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We have 74 Cardiology PhD Projects, Programmes & Scholarships for Self-funded Students






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Cardiology PhD Projects, Programmes & Scholarships for Self-funded Students

We have 74 Cardiology PhD Projects, Programmes & Scholarships for Self-funded Students

A PhD in Cardiology gives you the chance to lead your own research project that will further our current understanding of cardiovascular sciences.

Whether you are modelling blood motion in deformable vessels, identifying platelet interactions to prevent cancer, or understanding cardiovascular risk in patients with kidney disease, you will be aiming to improve the lives of millions of people around the globe.

What’s it like to study a PhD in Cardiology?

Doing a PhD in Cardiology you will become proficient in the skills necessary to contribute to a research portfolio which spans genetics and development, experimental cardiology, vascular biology, and clinical research, as well as healthcare evaluation, implementation, and policy.

Some typical research topics in Cardiology include:

  • cardiac and vascular electrophysiology
  • heart failure and arrhythmias
  • cardiovascular genetics and development
  • obesity
  • stroke
  • imaging and regenerative therapy

Typical Cardiology PhD research projects take between three and four years to complete.

To be awarded your PhD, you must submit a thesis of about 60,000 words and defend it during your viva exam.

PhD in Cardiology entry requirements

The entry requirements for a typical PhD in Cardiology usually involve a Bachelors and a Masters degree in a related subject. You will also need to submit a compelling research proposal detailing your study plans. You may also need some professional experience in Cardiology, depending on the programme.

PhD in Cardiology funding options

In the UK, PhDs in Cardiology are funded by the Medical Research Council (MRC), which provides a tuition fee waiver and a living cost stipend. Depending on the programme, you may submit your own research proposal before being considered for funding or apply for a project that already has funding attached.

It is also possible to apply for a PhD loan to help with the costs of a doctorate in Cardiology (although this cannot be combined with Research Council funding). Other options for financial support include university scholarships, graduate teaching assistantships and charities.

If you are considering a part-time PhD in Cardiology, it may also be worth asking your employer if they are happy to sponsor you. 

PhD in Cardiology careers

Depending on your area of interest, you could take up an academic, postdoctoral, or clinical role in the public and private sectors and work with colleagues in imaging, regenerative medicine, genetics, and epidemiology to name a few.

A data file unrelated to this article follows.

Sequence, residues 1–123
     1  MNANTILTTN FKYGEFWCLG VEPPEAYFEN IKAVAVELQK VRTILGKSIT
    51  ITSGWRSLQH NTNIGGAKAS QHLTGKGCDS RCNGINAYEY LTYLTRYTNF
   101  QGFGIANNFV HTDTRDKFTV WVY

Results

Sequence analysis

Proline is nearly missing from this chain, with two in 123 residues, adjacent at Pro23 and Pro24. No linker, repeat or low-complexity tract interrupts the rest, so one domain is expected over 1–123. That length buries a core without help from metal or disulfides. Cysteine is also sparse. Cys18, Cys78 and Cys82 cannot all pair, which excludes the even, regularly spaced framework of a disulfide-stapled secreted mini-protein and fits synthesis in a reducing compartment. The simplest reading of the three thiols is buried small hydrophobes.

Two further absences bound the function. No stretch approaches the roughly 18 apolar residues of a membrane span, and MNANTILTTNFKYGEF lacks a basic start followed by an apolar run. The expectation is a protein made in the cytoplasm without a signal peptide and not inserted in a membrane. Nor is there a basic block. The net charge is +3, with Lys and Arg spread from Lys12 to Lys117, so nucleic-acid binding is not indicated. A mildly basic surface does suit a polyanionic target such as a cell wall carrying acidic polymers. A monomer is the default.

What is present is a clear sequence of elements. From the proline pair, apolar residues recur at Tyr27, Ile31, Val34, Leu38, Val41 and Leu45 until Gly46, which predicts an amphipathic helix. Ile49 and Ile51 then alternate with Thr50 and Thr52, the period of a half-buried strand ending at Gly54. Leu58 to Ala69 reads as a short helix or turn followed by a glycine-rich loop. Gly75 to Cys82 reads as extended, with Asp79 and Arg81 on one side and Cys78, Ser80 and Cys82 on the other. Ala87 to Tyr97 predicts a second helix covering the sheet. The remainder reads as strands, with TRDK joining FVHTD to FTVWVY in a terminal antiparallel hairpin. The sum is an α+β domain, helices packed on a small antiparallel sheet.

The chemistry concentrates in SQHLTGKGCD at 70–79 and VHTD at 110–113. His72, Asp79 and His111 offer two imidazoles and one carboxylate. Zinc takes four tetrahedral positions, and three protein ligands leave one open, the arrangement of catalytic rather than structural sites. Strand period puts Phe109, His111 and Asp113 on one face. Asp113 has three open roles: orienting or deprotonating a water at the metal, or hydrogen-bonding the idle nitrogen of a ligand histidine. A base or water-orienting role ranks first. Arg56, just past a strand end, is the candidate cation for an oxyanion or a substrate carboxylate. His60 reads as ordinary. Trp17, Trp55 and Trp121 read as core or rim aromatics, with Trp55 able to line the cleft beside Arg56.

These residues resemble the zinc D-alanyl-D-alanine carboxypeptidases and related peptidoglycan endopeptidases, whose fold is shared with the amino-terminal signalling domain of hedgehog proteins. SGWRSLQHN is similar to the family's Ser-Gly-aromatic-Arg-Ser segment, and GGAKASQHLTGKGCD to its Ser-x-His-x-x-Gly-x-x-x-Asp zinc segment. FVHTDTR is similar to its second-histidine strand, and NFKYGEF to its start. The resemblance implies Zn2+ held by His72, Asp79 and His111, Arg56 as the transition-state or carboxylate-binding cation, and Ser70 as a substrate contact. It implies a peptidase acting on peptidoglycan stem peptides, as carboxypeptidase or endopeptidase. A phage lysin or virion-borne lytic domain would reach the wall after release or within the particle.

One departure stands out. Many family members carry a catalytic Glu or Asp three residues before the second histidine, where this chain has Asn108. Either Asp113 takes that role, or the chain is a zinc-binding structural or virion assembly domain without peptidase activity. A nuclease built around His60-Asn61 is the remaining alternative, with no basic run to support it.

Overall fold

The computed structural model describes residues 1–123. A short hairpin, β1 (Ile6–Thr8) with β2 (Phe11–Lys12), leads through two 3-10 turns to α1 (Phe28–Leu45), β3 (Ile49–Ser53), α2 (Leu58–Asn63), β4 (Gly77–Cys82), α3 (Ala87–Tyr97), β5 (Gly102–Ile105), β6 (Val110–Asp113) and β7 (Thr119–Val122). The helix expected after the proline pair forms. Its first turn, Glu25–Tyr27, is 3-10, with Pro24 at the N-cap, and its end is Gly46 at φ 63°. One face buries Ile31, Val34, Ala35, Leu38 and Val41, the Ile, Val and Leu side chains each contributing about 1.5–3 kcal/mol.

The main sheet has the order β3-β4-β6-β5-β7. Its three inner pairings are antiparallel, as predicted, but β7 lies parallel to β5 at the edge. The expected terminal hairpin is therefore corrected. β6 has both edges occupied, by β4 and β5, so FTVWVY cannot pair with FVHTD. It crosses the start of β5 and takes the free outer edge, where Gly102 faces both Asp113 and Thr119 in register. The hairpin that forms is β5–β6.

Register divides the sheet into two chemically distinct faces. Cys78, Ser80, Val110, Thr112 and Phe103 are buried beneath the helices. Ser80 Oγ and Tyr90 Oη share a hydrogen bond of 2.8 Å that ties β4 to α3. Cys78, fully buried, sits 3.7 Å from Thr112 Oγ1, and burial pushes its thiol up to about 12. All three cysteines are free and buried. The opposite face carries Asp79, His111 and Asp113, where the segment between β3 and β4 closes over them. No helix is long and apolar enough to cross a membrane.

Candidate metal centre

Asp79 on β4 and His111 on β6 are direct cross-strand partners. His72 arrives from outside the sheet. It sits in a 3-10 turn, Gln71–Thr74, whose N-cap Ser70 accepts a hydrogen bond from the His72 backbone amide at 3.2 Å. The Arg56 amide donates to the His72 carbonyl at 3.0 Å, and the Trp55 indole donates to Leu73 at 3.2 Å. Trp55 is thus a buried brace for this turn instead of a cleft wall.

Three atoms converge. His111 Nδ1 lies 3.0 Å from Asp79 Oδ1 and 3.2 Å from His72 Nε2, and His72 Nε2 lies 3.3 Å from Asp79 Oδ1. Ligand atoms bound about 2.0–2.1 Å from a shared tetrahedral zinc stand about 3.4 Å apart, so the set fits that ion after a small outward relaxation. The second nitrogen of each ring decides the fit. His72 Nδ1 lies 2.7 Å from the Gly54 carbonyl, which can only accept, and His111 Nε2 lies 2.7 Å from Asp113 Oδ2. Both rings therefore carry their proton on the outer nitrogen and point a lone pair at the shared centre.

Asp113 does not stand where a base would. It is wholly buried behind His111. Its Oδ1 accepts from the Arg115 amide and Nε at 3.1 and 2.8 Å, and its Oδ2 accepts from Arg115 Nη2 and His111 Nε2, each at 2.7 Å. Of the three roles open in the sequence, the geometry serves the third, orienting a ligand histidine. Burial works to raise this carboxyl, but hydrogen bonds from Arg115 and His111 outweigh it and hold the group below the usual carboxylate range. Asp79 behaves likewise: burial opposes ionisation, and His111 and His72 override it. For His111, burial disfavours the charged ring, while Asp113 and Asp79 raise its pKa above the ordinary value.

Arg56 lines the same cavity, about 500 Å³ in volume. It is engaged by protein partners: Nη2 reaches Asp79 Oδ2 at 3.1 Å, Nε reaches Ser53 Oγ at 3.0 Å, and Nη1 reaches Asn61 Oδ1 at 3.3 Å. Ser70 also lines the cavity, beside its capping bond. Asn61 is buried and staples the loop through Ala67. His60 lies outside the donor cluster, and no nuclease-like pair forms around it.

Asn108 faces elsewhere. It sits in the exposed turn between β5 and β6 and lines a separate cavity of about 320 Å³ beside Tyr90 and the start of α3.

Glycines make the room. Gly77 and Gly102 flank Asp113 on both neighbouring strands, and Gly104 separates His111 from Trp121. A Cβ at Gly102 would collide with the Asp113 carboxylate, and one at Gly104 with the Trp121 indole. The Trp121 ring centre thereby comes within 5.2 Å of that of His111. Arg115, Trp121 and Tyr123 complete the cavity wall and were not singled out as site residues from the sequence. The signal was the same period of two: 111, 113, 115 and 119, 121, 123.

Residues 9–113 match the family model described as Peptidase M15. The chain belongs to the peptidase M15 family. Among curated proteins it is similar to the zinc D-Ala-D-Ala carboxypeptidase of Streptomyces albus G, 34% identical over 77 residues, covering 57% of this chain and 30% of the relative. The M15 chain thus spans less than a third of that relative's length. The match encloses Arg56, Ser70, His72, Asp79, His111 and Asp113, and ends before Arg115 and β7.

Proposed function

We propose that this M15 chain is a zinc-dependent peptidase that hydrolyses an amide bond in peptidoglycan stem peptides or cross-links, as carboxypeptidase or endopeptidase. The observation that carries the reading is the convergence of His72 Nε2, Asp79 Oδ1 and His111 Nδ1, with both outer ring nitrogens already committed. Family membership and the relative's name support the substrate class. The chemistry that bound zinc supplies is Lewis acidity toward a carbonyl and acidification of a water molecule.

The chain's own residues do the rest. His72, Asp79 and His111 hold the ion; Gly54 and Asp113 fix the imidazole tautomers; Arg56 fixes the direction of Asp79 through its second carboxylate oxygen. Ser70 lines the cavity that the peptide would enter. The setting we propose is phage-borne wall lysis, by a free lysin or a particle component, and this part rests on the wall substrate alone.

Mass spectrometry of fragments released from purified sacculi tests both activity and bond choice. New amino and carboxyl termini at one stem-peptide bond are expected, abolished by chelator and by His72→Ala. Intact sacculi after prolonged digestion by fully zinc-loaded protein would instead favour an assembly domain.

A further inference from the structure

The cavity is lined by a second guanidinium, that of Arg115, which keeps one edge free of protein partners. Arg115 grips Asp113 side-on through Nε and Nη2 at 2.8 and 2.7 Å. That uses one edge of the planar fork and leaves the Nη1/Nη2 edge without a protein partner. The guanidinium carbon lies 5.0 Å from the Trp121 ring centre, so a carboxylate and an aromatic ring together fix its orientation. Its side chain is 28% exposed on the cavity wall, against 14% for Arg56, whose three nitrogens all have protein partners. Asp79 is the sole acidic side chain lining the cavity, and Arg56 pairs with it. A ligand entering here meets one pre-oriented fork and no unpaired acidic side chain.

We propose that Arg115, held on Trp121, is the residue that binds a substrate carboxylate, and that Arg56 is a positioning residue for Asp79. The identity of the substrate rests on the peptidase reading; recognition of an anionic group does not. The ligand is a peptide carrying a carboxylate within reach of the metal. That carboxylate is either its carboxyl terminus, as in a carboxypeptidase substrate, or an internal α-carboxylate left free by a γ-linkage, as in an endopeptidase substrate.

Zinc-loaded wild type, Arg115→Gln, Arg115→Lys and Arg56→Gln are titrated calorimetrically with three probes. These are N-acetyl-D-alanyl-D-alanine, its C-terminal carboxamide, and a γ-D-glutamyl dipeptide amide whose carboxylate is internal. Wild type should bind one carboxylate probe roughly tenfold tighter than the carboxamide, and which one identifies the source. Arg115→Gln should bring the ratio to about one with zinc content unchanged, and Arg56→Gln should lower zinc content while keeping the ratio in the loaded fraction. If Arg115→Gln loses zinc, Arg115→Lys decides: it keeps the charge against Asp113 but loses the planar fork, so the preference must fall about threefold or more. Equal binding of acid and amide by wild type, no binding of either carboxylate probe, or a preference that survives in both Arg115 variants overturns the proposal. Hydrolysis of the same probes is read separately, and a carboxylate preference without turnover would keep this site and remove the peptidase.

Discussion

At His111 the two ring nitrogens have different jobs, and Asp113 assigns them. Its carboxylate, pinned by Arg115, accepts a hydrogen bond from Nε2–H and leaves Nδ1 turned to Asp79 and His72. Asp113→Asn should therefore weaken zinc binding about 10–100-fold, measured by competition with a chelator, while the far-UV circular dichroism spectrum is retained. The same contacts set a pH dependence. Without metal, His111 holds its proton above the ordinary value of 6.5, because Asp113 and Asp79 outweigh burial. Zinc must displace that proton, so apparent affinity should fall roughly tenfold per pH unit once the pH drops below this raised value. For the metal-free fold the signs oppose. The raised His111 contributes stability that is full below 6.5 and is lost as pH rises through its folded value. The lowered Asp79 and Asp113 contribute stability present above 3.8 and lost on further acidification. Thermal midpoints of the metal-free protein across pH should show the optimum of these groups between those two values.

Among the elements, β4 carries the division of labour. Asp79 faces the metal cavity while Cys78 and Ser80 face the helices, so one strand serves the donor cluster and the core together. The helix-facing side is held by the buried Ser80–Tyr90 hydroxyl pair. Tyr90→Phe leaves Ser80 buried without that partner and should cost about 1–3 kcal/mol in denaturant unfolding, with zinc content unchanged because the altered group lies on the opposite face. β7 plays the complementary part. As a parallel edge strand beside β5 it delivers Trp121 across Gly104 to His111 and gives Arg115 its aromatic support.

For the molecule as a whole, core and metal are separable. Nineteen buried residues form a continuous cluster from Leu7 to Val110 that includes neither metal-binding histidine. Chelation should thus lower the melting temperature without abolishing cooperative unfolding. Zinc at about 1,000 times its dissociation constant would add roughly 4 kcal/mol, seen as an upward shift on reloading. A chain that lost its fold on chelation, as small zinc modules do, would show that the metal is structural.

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A high throughput system for measuring the mechanical properties of human cardiac tissues

Interested in a rewarding career in bioengineering? Get sponsored to do life-changing research in New Zealand. The mechanical properties of cardiac tissues are often quantified in experiments that manipulate muscle length and measure response parameters such as strain, stress, and stiffness. Read more

In the game for life: Lifelong welfare, education and support for rugby players

Applications are invited for a fully-funded 3-year PhD to commence in October 2024. . The PhD will be based in the Faculty of Science and Health and the candidate will join the Physical Activity, Health and Rehabilitation Thematic Research Group. Read more

The Role of Reactive Sulfur Species in the Ageing Heart

Second Supervisor. Prof Melanie Madhani, University of Birmingham. Background . Ageing is a natural and complex biological process that involves the gradual deterioration of cells, tissues, and organ systems over time, thus leading to an increased susceptibility to diseases and mortality. Read more
Last chance to apply

Association of von Willebrand factor genetic variation and levels with cardiovascular disease outcomes

Association of von Willebrand factor genetic variation and levels with cardiovascular disease outcomes. Cardiovascular disease (CVD) is the second most common cause of death in the UK and therefore a significant disease burden. Read more
Last chance to apply

Thyroid hormone regulation of heart rate and cardiac function.

Thyroid hormones are key endogenous regulators of heart rate and contractility. Low levels of thyroid hormones in the blood result in a slow heart rate and reduced contractility and this is evident in hypothyroidism. Read more
Last chance to apply

Unravelling NAFLD-Driven Cardiovascular Dysfunction: Insights from iPSC-Derived Cardiomyocytes and Hepatocytes

Liver disease accounts for 3.5% of all global deaths/year (~2 million people) and is the third leading cause of premature death in the UK with some of the highest hospitalisations in the country seen in areas of socioeconomic deprivation. Read more
Last chance to apply

Is remote ischaemic conditioning the next important treatment in hypertension?

Remote ischaemic conditioning (rIC) is a phenomenon where short periods of ischaemia imparted to an organ or a limb can protect the heart, brain or kidney’s from damage caused by more sustained ischaemic insults. Read more
Last chance to apply

Bench-to-‘digital’-bedside: Understanding cerebrovascular blood flow through experimental and mathematical models

Cardiovascular disease (CVD) is the leading cause of death and disability in the western world. The incidence of CVD is increasing together with an increasing epidemic of obesity and sedentary lifestyle. Read more

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